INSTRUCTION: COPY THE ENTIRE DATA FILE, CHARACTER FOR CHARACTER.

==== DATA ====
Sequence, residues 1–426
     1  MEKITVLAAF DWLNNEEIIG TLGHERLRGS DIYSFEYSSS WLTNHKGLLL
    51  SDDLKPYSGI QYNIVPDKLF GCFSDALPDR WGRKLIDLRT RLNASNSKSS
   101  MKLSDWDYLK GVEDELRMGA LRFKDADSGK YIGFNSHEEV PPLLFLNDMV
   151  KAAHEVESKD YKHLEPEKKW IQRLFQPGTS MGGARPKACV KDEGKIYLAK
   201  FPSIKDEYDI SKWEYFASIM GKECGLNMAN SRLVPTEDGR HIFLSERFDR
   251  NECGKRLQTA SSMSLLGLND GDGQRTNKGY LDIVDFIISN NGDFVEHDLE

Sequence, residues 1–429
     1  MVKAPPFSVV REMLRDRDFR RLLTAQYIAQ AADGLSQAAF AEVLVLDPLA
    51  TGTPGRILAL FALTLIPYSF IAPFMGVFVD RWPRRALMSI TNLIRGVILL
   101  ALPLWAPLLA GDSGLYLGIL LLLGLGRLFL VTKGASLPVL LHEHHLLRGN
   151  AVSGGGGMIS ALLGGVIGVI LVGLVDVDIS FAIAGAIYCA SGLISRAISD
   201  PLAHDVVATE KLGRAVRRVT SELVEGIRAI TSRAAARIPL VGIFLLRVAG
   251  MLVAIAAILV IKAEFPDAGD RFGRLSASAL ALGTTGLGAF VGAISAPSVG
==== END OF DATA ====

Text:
Sequence, residues 1–426
     1  MEKITVLAAF DWLNNEEIIG TLGHERLRGS DIYSFEYSSS WLTNHKGLLL
    51  SDDLKPYSGI QYNIVPDKLF GCFSDALPDR WGRKLIDLRT RLNASNSKSS
   101  MKLSDWDYLK GVEDELRMGA LRFKDADSGK YIGFNSHEEV PPLLFLNDMV
   151  KAAHEVESKD YKHLEPEKKW IQRLFQPGTS MGGARPKACV KDEGKIYLAK
   201  FPSIKDEYDI SKWEYFASIM GKECGLNMAN SRLVPTEDGR HIFLSERFDR
   251  NECGKRLQTA SSMSLLGLND GDGQRTNKGY LDIVDFIISN NGDFVEHDLE

Sequence, residues 1–429
     1  MVKAPPFSVV REMLRDRDFR RLLTAQYIAQ AADGLSQAAF AEVLVLDPLA
    51  TGTPGRILAL FALTLIPYSF IAPFMGVFVD RWPRRALMSI TNLIRGVILL
   101  ALPLWAPLLA GDSGLYLGIL LLLGLGRLFL VTKGASLPVL LHEHHLLRGN
   151  AVSGGGGMIS ALLGGVIGVI LVGLVDVDIS FAIAGAIYCA SGLISRAISD
   201  PLAHDVVATE KLGRAVRRVT SELVEGIRAI TSRAAARIPL VGIFLLRVAG
   251  MLVAIAAILV IKAEFPDAGD RFGRLSASAL ALGTTGLGAF VGAISAPSVG